Filtered (F) stemRBCs (Day 18) along with reference values for control RBCs obtained from MedlinePlus. Mean, (n = 3).

Measurement of oxygen binding and structural parameters

Oxygen release by hemoglobin is regulated by intracellular 2,3-DPG levels; higher 2,3-DPG concentrations decrease oxygen affinity for hemoglobin and increase oxygen availability to tissues. We observed similar 2,3-DPG levels in non-filtered (NF) and filtered (F) stemRBCs compared to control RBCs (NF: 3.3 μmol/g Hb; F: 6.6 μmol/g Hb; control: 3.3 μmol/g Hb; Fig 3A). As the stemRBCs contained a high amount of fetal Hb (25% of total Hb vs. 8% in control), which has a higher affinity for oxygen than adult Hb, we sought to determine the oxygen binding potential of the stemRBCs. Oxygen equilibrium curves (OECs) were generated using a Hemox Analyzer to measure oxygen saturation of Hb. Compared to control RBCs, the OECs of filtered and non-filtered stemRBCs were left-shifted (P50 for control is 21.4 vs. 13.6 torr for non-filtered stemRBCs and 19.0 torr for filtered stemRBCs; Fig 3B), confirming their higher affinity for oxygen.

Fig 3. Analysis of biochemical and membrane property parameters.

(A) 2,3-DPG levels in human control RBCs, as well as non-filtered (NF) and filtered (F) stemRBCs harvested on day 18 of culture (n = 3)(mean ± SD). (B) Oxygen binding curves showing filtered (F) and non-filtered (NF) stemRBCs harvested on day 18 of culture and control RBCs (n = 3 each) (mean ± SD). (C) ATP and (D) G6PDH analysis of day 18 non-filtered and filtered stemRBCs (n = 3–5) as well as control and G6PDH standard (n = 8) (mean ± SD). (E) Osmotic fragility of filtered and nonfiltered stemRBCs harvested on day 18 was assessed by exposing them to decreasing amounts of saline and determining the amount of released hemoglobin by colorimetric assay (control RBCs were assessed simultaneously for comparison). Error bars show standard deviation.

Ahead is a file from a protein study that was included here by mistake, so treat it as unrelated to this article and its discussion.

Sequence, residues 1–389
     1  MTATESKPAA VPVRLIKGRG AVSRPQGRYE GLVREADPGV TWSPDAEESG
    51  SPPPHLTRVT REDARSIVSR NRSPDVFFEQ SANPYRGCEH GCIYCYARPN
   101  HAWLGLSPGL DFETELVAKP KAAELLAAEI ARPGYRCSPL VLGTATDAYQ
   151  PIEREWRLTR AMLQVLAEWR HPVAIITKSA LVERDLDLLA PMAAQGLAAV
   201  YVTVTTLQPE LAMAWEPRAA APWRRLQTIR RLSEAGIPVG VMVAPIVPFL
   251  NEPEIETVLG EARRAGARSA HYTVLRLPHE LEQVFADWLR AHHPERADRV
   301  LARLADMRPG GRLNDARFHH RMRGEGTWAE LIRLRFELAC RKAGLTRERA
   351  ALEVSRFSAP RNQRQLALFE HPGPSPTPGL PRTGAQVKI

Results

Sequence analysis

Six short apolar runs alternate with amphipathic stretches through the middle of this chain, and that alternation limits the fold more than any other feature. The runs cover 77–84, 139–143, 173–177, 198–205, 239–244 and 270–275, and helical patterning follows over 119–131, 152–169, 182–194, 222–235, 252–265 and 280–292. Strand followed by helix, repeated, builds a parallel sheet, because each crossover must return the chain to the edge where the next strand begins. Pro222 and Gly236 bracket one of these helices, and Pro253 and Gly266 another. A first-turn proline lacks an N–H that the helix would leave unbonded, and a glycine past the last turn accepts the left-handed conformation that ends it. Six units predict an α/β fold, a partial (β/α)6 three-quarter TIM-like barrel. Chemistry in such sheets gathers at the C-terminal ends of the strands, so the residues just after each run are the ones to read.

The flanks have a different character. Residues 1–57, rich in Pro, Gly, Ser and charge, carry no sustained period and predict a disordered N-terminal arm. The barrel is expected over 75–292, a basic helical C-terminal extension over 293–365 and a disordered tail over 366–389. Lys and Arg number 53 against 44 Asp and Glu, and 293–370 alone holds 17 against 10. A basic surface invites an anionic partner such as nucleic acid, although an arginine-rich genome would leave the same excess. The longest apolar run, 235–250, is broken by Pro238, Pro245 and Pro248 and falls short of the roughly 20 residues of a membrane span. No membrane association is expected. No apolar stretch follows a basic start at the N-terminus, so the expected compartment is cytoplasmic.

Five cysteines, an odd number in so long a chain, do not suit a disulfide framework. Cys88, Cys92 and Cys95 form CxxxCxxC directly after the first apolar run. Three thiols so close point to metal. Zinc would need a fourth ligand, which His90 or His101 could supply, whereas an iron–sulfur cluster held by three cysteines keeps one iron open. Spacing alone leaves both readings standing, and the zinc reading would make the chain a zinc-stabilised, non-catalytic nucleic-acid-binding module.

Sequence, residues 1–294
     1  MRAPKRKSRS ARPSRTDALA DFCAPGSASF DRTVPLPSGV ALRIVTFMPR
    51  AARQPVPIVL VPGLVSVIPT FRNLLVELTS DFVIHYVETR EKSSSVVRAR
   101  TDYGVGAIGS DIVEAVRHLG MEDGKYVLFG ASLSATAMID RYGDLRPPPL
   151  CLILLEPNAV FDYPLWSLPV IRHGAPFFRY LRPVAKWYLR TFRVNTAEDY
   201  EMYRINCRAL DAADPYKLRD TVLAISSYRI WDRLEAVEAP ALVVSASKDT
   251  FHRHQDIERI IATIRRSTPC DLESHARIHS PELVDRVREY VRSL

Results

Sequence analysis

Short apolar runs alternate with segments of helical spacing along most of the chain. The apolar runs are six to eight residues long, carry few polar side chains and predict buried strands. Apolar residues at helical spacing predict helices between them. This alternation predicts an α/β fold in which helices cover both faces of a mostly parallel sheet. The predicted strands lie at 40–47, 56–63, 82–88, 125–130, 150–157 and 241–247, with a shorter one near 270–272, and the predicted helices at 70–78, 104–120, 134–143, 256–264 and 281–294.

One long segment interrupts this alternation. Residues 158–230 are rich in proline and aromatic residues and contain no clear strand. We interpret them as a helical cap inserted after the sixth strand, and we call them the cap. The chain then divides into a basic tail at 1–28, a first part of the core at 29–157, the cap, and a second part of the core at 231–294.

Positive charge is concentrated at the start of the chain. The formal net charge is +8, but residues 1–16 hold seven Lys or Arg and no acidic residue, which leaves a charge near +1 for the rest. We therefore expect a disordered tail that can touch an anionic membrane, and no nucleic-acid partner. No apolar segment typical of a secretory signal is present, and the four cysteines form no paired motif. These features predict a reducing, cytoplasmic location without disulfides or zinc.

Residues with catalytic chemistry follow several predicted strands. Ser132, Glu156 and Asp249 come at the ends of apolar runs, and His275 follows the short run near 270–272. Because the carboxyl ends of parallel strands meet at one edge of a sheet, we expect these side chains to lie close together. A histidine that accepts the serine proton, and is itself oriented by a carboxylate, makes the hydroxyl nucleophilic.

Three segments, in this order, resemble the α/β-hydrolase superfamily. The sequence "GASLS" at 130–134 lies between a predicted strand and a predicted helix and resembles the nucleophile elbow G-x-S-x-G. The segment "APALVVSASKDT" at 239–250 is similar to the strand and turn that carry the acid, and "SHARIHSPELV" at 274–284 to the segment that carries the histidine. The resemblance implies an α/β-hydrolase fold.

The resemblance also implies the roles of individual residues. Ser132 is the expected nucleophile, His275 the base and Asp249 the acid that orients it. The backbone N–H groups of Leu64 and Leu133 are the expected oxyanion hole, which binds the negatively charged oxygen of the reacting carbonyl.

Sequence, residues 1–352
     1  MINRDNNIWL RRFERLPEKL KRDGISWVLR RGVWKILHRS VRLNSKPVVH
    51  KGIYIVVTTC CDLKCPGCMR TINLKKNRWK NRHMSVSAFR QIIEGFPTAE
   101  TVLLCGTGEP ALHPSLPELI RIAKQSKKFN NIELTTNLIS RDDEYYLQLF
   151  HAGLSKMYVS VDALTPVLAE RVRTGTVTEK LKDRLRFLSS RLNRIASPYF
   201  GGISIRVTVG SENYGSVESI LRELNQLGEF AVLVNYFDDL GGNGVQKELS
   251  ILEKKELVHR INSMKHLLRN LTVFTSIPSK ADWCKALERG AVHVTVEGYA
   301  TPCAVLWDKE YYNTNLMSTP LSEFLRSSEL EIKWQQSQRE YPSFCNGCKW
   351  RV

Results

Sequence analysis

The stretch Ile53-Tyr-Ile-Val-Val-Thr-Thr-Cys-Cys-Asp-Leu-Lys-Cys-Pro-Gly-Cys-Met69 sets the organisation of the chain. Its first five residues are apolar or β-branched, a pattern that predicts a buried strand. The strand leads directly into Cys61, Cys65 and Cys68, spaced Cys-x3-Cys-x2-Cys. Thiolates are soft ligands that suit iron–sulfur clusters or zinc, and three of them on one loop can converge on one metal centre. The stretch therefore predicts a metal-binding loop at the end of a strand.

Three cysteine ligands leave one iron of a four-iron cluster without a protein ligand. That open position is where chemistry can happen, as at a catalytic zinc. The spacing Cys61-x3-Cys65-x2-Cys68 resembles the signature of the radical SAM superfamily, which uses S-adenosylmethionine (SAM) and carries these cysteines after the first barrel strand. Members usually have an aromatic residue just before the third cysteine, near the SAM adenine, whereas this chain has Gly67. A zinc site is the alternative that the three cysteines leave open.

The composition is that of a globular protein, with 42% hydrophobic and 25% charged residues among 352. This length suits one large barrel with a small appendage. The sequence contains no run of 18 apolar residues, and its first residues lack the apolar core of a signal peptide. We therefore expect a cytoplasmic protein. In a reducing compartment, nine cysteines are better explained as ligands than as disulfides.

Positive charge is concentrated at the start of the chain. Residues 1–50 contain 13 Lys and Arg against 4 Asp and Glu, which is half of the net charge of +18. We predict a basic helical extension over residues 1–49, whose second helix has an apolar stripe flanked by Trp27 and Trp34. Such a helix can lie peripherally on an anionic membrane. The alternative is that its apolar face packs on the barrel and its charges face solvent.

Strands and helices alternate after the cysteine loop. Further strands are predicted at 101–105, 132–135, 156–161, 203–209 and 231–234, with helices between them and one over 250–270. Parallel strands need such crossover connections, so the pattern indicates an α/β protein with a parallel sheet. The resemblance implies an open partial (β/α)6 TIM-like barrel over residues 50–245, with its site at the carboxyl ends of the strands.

ATP levels can be used to assess RBC metabolic state. ATP concentrations have a profound influence on the shape and deformability of the RBC membrane [27, 28]. Furthermore, low ATP levels can increase microvascular adhesion of RBCs, causing regional decreases in blood flow or even vaso-occlusion [29]. The mean ATP level of the filtered stemRBCs was 6.2 μmol/g Hb (2.9 μmol/g Hb for non-filtered cells), close to control RBC levels of 5.2 μmol/g Hb (Fig 3C).

Next, we measured the levels of G-6-PDH in our stemRBCs and control RBCs. Reactions involving G-6-PDH produce compounds that protect cells from damage by reactive oxygen species [30]. Typical G-6-PDH levels in human blood range from 4.6–13.5 U/g Hb [31]. G-6-PDH values in the non-filtered and filtered stemRBCs, control RBCs and in a G-6-PDH standard control were all within this range (12.1, 9.7, 4.1, and 8.9 U/g Hb, respectively; Fig 3D).

The osmotic fragility of RBCs determines their susceptibility to hemolysis, and can be used as an index of membrane stability and composition [32]. StemRBCs were more resistant to osmotic stress than control RBCs (Fig 3E). A 50% lysis of control RBCs occurred at 0.45% saline compared to 0.35% saline for non-filtered stemRBCs. The durability of stemRBCs may come from the heterogeneity of the population, as nucleated cells may be less susceptible to hemolysis. Following filtration, which generated a cell population with 82% enucleated red cells, lysis of 50% of stemRBCs occurred at 0.45% saline, similar to the control. However, the stemRBC fragility curve was less sigmoidal than for control RBCs. This may reflect the uniform young age of all of the stemRBCs as compared to control RBCs, which will have a range of young and old red cells due to unsynchronized release from the bone marrow.

Functional tests of stemRBCs in an animal model of transfusion

To determine circulation kinetics, filtered stemRBCs and murine RBCs from WT C57BL/6J mice were labeled with CFSE dye and introduced into anemic SCID mice by i.v. injection. Mouse whole blood was collected at predetermined time points starting at 5 min to 2 h post-infusion to determine the presence of the transfused cells in circulation. For stemRBCs, 50–60% of the transfused cells were cleared by 30 min, while 97% of mouse RBCs were still present at this time-point. At 2 h, 20% of stemRBCs and 90% of mouse RBCs persisted in circulation (Fig 4A).

Fig 4. Functional analysis of stemRBCs in vivo.